In a speaker’s race, every faction will have sway given the threshold of votes needed to secure the position. The group that could present the biggest problem for Ryan’s potential successors is the hard-line conservative Freedom Caucus.

Meadows and Ohio Rep. Jim Jordan, the primary leaders of the caucus, declined to specify a preferred candidate.

“Freedom Caucus members will cast their votes for the speaker that best allows for an open process and conservative legislation to move forward,” Meadows said.

Other Freedom Caucus members, like Rep. Paul Gosar, are ruling out any current member of the leadership team. The Arizona Republican said he thinks it may be time for an outside candidate, as the speaker does not have to be a current member of the House.

Other conservatives aligned with but not a part of the Freedom Caucus, like Rep. Thomas Massie of Kentucky and Walter B. Jones of North Carolina, have also dismissed current leaders.

Jones said he doesn’t favor McCarthy but wouldn’t rule out voting for Scalise.

Massie said he won’t vote for any member who voted for the recent omnibus spending bill “train wreck.”

Ryan has indicated he may later offer an endorsement in the race to replace him, a move most members said wouldn’t have much impact, but that some conservatives said could detrimental to the person he endorses. If President Donald Trump decides to endorse, his preferred candidate would get a boost, several members said.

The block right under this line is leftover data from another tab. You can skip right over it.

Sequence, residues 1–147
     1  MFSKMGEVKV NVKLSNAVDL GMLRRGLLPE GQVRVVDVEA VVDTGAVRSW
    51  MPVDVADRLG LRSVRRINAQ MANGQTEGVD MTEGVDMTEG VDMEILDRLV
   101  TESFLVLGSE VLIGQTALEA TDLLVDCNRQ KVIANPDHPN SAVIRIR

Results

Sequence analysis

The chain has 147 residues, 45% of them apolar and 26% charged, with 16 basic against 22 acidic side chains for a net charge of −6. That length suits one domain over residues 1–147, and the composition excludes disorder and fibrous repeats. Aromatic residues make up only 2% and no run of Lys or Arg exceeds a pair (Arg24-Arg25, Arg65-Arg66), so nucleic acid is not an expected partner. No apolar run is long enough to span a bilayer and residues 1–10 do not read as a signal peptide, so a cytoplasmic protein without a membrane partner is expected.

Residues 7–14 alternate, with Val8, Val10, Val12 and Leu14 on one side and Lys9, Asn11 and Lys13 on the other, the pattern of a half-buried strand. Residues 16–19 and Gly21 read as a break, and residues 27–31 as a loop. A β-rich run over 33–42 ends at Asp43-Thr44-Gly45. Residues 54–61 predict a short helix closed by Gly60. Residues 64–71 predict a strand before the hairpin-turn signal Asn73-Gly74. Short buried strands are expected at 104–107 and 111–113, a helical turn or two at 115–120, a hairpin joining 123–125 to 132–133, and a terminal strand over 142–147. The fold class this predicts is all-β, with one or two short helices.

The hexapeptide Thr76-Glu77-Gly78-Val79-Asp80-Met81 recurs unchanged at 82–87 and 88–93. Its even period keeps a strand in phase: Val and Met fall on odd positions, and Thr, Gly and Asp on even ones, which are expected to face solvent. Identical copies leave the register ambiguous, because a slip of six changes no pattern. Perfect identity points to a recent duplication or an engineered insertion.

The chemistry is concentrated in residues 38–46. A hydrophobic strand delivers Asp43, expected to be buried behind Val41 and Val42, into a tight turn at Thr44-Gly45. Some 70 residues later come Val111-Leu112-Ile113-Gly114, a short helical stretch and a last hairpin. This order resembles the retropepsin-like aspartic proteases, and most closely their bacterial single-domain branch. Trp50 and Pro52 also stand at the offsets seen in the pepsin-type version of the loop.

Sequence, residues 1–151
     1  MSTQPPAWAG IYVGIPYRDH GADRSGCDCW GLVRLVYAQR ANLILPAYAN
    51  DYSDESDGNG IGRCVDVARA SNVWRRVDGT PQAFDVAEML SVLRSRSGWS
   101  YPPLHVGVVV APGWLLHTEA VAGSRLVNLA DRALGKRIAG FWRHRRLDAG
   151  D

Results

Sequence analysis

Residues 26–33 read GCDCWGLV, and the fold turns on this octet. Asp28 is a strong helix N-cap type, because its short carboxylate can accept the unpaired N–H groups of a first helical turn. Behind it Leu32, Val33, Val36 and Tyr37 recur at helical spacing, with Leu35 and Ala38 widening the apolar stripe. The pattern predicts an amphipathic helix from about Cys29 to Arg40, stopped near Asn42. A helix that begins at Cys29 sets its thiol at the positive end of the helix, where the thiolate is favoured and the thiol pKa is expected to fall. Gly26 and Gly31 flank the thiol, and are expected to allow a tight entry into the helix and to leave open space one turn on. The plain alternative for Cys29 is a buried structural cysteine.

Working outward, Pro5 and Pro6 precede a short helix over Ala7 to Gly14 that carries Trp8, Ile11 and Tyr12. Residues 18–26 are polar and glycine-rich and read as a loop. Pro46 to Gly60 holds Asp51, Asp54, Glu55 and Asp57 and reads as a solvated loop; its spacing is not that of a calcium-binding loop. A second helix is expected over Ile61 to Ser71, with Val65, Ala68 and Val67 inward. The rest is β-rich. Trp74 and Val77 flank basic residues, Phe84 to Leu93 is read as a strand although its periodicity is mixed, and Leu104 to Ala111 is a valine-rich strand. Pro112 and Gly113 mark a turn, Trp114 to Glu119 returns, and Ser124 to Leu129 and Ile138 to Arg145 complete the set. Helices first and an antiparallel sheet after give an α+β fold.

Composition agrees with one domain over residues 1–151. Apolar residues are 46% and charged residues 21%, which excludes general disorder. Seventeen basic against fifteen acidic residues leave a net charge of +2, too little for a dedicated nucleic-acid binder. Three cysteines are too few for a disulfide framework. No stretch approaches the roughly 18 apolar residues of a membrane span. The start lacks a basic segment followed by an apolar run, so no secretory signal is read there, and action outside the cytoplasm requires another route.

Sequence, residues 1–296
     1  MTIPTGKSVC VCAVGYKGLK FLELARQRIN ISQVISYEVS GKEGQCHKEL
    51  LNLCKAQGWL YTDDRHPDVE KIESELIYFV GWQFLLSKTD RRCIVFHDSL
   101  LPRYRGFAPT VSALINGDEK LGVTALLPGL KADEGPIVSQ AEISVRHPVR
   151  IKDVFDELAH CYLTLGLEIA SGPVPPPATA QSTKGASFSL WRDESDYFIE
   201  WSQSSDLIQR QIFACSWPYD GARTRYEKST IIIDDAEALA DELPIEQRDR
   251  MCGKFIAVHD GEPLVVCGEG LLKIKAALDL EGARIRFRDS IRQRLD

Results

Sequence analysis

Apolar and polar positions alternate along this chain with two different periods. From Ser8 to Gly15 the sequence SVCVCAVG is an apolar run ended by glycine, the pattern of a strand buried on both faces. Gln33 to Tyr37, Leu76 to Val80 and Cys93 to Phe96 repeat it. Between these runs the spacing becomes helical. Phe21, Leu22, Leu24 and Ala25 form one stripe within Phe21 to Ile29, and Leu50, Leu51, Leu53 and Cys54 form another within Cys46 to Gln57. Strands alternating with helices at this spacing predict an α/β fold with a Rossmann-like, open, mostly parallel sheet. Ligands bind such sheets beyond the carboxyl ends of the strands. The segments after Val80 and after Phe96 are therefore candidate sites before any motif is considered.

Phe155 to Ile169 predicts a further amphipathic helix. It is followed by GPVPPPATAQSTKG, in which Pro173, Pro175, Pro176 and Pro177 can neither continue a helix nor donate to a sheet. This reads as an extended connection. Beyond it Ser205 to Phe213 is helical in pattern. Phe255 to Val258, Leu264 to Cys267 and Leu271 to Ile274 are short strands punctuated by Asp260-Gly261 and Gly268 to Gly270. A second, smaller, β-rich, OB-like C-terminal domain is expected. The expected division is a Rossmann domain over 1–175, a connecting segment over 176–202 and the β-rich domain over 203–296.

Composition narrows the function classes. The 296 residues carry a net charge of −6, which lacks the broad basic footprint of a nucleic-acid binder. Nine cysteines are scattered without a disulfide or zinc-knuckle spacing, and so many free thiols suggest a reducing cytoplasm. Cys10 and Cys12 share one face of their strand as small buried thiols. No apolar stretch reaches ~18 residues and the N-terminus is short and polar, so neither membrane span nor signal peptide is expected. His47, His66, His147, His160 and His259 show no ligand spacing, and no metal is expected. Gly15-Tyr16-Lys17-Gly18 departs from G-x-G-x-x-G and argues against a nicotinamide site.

Watch: Ryan Announces He Will Not Seek Re-Election

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Lengthy race?

One thing a lot of members say they’d prefer is to avoid a lengthy leadership race.

“It’s an improbable vacuum,” Massie said. “I don’t see how it can be maintained. I think there’s at least a 50 percent chance this doesn’t go the duration.”

Ryan said he was told that waiting to retire until after the election was “the politically shrewd thing to do” and that he considered it. That would have prevented him from becoming a lame-duck speaker, something that could hamper the Republican Party’s political and policy ambitions.

“But just as my conscience is what got me to take this job in the first place, my conscience could not handle going out that way,” he said. “I pledged to serve the people of Wisconsin, the 1st District, honorably. And in order to serve the people of my district honorably, I have to serve them honestly. And for me to ask them to vote to re-elect me, knowing that I wasn’t going to stay is not being honest. I simply cannot do that.”

Pressure may mount on Ryan to give up the gavel early. But the scenario more members were discussing is some kind of shadow race in which the next Republican leader will be determined behind the scenes over the next few months.

“I can’t see this building for nine months,” Walker said. “I think at some point it becomes such percolating … that some decisions have got to be made.”

Regardless of whether the race to succeed Ryan is settled in a few months or in November, it likely won’t be pretty. And the longer Republicans allow it to play out, the more chaotic it could become.

“It’s like a NASCAR race, there’s 500 miles to go,” Massie said. “There’s going to be some crashes. There’s going to be some drafting.”